Boeing CEO Muilenburg staying on Trump's business council

By Business Leaders FOXBusiness

President, Chairman and CEO of The Boeing Company Dennis Muilenburg speaks at the "What's Next?" conference in Chicago, Illinois, U.S., October 4, 2016. REUTERS/Jim Young - RTSQQVH (Reuters)

Boeing’s Chief Executive Officer Dennis Muilenburg will not be stepping down from President Donald Trump’s American Manufacturing Council, FOX Business has learned.

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“He [Muilenburg] remains on the president’s manufacturing council,” John Dern, a spokesperson for Boeing, said in a statement to FOX Business.

When asked if the airplane manufacturer had a comment about the violent protests that took place in Charlottesville, Va., Dern referred FOX Business to a statement by the Business Roundtable, which Muilenburg is a member of.

“The CEOs of Business Roundtable will never accept such intolerance and hate. We will continue to build our companies around the principles of respect, trust and equal opportunity to all our employees,” the statement said.

Earlier Monday, Merck (MRK) CEO Kenneth Frazier, one of the most prominent African-American business executives, resigned from Trump’s business council, in apparent protest of the president’s response to violent clashes in Virginia, saying he was doing so “as a matter of personal conscience” and that he felt “a responsibility to take a stand against intolerance and extremism.”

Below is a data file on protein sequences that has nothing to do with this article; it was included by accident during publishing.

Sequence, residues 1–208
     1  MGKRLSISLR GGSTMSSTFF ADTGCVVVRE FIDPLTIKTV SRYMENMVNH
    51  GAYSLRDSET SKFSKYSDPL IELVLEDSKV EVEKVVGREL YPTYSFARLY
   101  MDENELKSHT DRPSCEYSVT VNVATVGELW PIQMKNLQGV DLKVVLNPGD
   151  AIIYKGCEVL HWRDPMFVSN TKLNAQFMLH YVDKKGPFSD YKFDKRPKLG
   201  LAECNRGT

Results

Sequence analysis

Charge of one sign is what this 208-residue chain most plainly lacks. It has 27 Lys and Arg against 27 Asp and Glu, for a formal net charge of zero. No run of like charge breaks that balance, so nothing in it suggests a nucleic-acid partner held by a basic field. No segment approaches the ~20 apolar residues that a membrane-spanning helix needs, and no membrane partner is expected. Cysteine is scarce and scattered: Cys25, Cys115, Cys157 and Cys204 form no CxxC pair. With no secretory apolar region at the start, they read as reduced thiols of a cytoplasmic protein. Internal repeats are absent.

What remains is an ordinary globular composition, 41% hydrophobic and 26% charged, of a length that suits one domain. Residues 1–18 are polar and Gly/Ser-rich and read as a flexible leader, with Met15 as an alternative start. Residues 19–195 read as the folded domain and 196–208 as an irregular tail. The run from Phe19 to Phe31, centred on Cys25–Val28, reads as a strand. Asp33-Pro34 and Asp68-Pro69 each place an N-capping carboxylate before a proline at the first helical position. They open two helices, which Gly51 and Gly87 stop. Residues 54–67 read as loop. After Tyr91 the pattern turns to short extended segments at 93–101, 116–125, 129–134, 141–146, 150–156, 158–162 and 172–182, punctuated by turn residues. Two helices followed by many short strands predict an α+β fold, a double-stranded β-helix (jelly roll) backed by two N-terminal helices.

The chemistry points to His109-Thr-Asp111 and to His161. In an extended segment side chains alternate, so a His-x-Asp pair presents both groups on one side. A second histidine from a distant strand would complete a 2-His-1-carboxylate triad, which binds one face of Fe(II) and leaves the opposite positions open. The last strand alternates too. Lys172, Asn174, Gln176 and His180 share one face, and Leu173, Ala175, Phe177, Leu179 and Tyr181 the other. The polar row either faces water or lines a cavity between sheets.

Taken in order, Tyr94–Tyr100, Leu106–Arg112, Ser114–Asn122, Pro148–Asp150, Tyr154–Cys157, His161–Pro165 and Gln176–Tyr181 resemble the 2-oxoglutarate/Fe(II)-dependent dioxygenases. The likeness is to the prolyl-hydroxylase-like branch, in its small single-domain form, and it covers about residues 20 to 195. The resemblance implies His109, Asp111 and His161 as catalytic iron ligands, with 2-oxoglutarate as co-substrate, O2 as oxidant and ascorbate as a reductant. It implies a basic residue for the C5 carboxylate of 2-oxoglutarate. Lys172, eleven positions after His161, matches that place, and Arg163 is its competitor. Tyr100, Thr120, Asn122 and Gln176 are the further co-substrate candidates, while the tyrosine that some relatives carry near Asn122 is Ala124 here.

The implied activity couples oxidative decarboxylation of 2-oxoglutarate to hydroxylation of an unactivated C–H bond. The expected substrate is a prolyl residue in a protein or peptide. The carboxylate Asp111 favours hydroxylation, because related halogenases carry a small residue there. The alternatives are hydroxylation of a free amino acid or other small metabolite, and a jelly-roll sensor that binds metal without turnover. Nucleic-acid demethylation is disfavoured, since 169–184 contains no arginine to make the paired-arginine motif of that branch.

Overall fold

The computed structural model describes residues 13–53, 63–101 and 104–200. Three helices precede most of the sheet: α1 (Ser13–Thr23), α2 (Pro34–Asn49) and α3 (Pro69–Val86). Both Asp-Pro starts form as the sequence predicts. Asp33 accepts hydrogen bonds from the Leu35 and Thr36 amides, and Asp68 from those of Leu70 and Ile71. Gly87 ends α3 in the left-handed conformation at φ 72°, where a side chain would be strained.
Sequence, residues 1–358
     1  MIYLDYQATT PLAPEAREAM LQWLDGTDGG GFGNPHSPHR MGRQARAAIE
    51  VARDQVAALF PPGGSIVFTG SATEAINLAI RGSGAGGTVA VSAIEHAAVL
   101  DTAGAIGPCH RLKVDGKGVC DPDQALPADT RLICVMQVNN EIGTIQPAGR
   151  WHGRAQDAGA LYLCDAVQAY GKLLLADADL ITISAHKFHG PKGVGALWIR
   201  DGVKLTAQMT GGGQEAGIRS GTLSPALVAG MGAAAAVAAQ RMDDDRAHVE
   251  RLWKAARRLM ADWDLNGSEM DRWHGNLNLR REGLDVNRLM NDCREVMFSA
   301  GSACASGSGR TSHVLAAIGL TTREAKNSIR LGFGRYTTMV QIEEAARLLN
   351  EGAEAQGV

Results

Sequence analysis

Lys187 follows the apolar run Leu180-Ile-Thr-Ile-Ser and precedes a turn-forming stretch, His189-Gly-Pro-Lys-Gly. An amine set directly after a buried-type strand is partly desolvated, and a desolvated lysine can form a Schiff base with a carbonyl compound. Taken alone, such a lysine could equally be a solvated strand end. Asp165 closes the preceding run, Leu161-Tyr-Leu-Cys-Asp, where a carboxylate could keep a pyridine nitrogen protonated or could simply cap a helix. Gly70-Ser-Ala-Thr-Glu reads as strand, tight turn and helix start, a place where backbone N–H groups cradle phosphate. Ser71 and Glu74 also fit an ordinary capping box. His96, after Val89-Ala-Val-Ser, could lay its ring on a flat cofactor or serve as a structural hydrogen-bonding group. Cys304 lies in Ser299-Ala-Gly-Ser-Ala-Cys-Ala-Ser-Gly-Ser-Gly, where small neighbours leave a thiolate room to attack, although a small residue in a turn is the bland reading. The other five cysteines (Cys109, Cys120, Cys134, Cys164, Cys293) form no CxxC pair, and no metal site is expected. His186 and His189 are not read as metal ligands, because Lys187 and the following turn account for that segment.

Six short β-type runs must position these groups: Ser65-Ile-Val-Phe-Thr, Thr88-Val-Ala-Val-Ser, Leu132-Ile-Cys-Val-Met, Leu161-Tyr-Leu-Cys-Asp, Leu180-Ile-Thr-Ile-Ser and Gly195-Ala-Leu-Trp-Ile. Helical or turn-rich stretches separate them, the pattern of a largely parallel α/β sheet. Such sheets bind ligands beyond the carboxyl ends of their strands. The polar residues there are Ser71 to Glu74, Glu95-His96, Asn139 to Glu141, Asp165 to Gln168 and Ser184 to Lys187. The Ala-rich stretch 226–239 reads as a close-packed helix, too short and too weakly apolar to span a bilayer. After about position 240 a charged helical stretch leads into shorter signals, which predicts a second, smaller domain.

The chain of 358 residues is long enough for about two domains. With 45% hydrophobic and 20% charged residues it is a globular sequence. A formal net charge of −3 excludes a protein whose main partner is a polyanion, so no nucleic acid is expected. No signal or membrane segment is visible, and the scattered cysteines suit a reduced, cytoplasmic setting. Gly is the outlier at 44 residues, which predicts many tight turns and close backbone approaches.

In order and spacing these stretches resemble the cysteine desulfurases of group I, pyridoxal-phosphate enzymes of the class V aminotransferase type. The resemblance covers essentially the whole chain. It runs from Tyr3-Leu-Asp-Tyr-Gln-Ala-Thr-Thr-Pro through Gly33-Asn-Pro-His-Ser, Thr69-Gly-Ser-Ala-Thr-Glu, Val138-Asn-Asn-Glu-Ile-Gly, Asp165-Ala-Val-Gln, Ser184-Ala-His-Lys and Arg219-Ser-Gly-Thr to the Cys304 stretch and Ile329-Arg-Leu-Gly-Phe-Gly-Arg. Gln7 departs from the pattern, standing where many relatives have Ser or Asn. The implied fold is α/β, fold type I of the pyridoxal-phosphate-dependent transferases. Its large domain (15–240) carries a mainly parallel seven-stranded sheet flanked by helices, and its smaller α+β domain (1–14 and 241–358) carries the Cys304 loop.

The vicious attacks that took place on Saturday by members of white nationalist, Ku Klux Klan and neo-Nazi groups, left three dead, including a young woman who was killed when a Dodge Challenger plowed into a crowd of counter-protesters.

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Muilenburg is one of a handful of other CEOs who have not resigned from Trump’s advisory groups after the president failed to mention white nationalist groups specifically in his remarks following the incidents in Charlottesville.

Steve Schwarzman, CEO of private equity group Blackstone and leader of Trump’s Strategic and Policy Forum, condemned the events in Charlottesville but said he would remain on the forum.

“As the president said today, I believe we need to find a path to heal the wounds left by this tragedy and address its underlying causes. Encouraging tolerance and understanding must be a core national imperative and I will work to further that goal,” Schwarzman said in a statement.

Jeff Immelt, current chairman of General Electric, will stay on the Manufacturing Council, even though his company said in a statement they have “no tolerance for hate, bigotry or racism.”

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Two days after the incidents in Charlottesville, Trump issued another statement, this time singling out the groups by name.

"Racism is evil, and those who cause violence in its name are criminals and thugs, including the KKK, neo-Nazis, white supremacists,” Trump said.

While Muilenburg may be staying on board, Trump and the Boeing CEO also have a muddied history of their own. In December, then President-elect Trump, publicly attacked Boeing in a tweet for what he called “out of control” costs.

“Boeing is building a brand new 747 Air Force One for future presidents, but costs are out of control, more than $4 billion. Cancel order!” Trump said.

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